The bright light emitted by an iPad could give some people reading before bedtime a bout of insomnia, researchers suggest.
This is because the iPad uses a back-lit display rather than the "e-paper" found in other popular e-readers such as the Kindle that mimic the printed, duller page by reflecting light from elsewhere.
"If you're using a Kindle – which doesn’t use a significant light source – that may potentially have less of an impact compared to a device like a laptop or an iPad with more significant light exposure," said Alon Avidan, a neurologist and associate director of the Sleep Disorders Center at the University of California, Los Angeles (UCLA).
Sleep researchers have long known that light inhibits the release of melatonin, a hormone that settles the body into sleep mode toward evening time. "Melatonin is pro-sleep," said Frisca Yan-Go, director of the UCLA Sleep Disorders Center.
Any artificial light source at night, whether it be from a television or a bedside lamp, can mess with the body's melatonin production, Yan-Go said, which rises when darkness falls, then tapers off toward morning as part of a natural cycle called the Circadian rhythm.
According to Yan-Go and other sleep researchers, the reason for concern with the iPad over other forms of late-night light is that readers hold the device relatively close to their face. In theory, this could mean that the iPad affects the body's melatonin cycle more than watching late-night reruns on a television that is clear across the room, Yan-Go said.
The fact that the iPad has a full-color screen – blue light in particular sparks alertness – and offers Web browsing and other engaging computer activity, unlike other dedicated e-readers, could also keep people from getting a good night's rest, scientists say.
Yan-go said that she has not yet had patients complain about iPad-induced insomnia – perhaps because the device is so new – but she nevertheless recommends against using it as an e-reader given past cases of patient restlessness related to laptops and television. "You really want the [sleep] environment to be quiet and dark," Yan-go said.
E-reading before bed
The centuries-old tradition of reading a paperbound book before retiring has been going digital recently. Sales of e-readers continue to boom and are expected to nearly triple from about four million sold last year to over 11 million in 2010, according to a new report by Digitimes Research.
Massachusetts-based E Ink Corp, which makes the e-paper used by major e-readers including Amazon's Kindle and Barnes & Noble's Nook, aims to provide a "true book-like experience" for its customers, according to the company's Web site.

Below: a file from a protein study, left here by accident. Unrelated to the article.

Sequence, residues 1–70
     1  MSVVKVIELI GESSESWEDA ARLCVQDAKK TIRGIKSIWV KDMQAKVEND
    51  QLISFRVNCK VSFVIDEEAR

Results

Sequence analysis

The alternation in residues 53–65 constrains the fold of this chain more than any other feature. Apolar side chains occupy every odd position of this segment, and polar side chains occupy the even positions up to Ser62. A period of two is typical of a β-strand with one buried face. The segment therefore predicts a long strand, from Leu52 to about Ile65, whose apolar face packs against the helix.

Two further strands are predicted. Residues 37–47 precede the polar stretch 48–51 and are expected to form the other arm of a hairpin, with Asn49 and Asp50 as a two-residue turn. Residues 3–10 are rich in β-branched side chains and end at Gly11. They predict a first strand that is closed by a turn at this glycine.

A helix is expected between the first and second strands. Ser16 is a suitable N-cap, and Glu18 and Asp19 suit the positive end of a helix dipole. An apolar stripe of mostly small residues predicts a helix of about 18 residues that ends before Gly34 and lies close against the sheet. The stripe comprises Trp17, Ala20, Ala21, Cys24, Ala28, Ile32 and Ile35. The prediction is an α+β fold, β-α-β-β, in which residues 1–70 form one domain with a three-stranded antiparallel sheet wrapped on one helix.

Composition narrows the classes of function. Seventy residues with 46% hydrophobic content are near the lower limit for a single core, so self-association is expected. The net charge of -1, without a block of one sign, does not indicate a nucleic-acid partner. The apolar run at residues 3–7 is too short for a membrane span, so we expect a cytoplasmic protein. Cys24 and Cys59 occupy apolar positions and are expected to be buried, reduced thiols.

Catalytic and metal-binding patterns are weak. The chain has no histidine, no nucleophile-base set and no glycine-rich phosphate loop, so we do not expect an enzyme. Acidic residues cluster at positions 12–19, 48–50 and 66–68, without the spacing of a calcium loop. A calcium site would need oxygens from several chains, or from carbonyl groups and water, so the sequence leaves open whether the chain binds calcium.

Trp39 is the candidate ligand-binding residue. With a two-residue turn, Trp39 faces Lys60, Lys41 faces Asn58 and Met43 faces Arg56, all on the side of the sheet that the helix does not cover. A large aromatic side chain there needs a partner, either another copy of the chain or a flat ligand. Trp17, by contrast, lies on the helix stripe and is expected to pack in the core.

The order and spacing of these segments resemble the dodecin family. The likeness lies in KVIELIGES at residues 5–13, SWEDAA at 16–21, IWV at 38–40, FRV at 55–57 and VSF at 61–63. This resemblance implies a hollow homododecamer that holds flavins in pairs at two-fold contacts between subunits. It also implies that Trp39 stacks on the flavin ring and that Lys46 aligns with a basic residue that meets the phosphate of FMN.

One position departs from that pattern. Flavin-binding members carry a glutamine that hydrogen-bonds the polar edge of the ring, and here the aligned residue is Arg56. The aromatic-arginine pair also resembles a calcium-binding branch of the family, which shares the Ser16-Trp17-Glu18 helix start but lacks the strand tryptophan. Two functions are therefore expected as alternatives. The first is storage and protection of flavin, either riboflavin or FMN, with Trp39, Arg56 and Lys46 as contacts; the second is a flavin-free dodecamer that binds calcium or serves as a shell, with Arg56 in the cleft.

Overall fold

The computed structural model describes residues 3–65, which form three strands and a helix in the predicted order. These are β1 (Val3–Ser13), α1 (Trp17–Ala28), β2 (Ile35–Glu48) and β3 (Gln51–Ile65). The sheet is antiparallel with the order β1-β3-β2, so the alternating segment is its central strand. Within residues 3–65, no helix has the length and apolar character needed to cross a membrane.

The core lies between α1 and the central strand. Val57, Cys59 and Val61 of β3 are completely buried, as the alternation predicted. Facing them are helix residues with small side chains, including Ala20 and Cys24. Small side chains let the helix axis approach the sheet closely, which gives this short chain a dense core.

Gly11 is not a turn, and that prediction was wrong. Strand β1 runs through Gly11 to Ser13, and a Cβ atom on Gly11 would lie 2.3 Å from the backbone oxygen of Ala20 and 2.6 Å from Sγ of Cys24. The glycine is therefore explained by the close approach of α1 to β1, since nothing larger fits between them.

E-paper technology simulates the look of ink on paper on a screen by electrically arranging little charged capsules filled with black- or white-pigmented particles.
Rather than emitting light of its own, like traditional computer screens and the iPad, an e-paper screen reflects ambient light in a room or outdoors, just as a real book would. This makes e-paper devices easy to view even in direct sunlight, a big plus for consumers with the summertime reading season right around the corner.
The iPad, meanwhile, uses a 262,000-color, liquid crystal display (LCD) that must be back-lit because these liquid crystals do not shine on their own. Using an iPad to read at night does avoid the complication of waking a partner by turning on the bedside lamp or having to use a flashlight under the covers.
Yet because the iPad beams light directly into a user's eyes, reading on it is similar to working on a computer late at night – another practice that sleep experts advise against when it comes to preparing for imminent slumber.
Seeing blues while racking up Web views
Beyond light emission, the iPad's colorful display could also contribute to insomnia when compared to the black-and-white screen of a Kindle, said Avidan.
Cells in our eyes are more sensitive to blue light than other colors, a characteristic that has evolved in humans to triggers wakefulness upon the sight of an azure sky in the morning. "When you look at an LCD screen that has more rich colors in the blue range, that could conceivably have an additive effect" on insomnia, Avidan said.
The temptation to do work on an iPad could also keep people from snoozing. "The problem with someone surfing the Web with an iPad is that it's engaging," Avidan said, whereas "the Kindle is more for someone who is just reading."
Overall, Avidan thinks that the risk to most people losing sleep from e-readers is minimal. "For a typical person who doesn’t have problems falling asleep, if they're using a Kindle or an iPad or whatever, they probably don’t need to worry," Avidan told TechNewsDaily. "But if they suffer from insomnia and have difficulty falling asleep . . . then using artificial light from, say an iPad or a laptop, that certainly can have a detrimental effect."
Other researchers are skeptical, however, that the iPad and other electronic devices pose all that much of a hindrance to getting some shut-eye.
"The amount of light coming off a computer or an iPad is not anywhere near bright enough to set Circadian cycles," said Michael Marmor, a professor of ophthalmology at Stanford University.
"Outdoor light is many thousand-fold brighter than any indoor computer or ordinary room light," he said, which is why jet-lagged travelers are told to get outside to help reset and gauge their internal clocks to the local day-night norms.
"I think people should not worry about lighting effects from either
the Kindle or the iPad," said Marmor. "What will keep you awake is the
news of the day . . . or a really good book."
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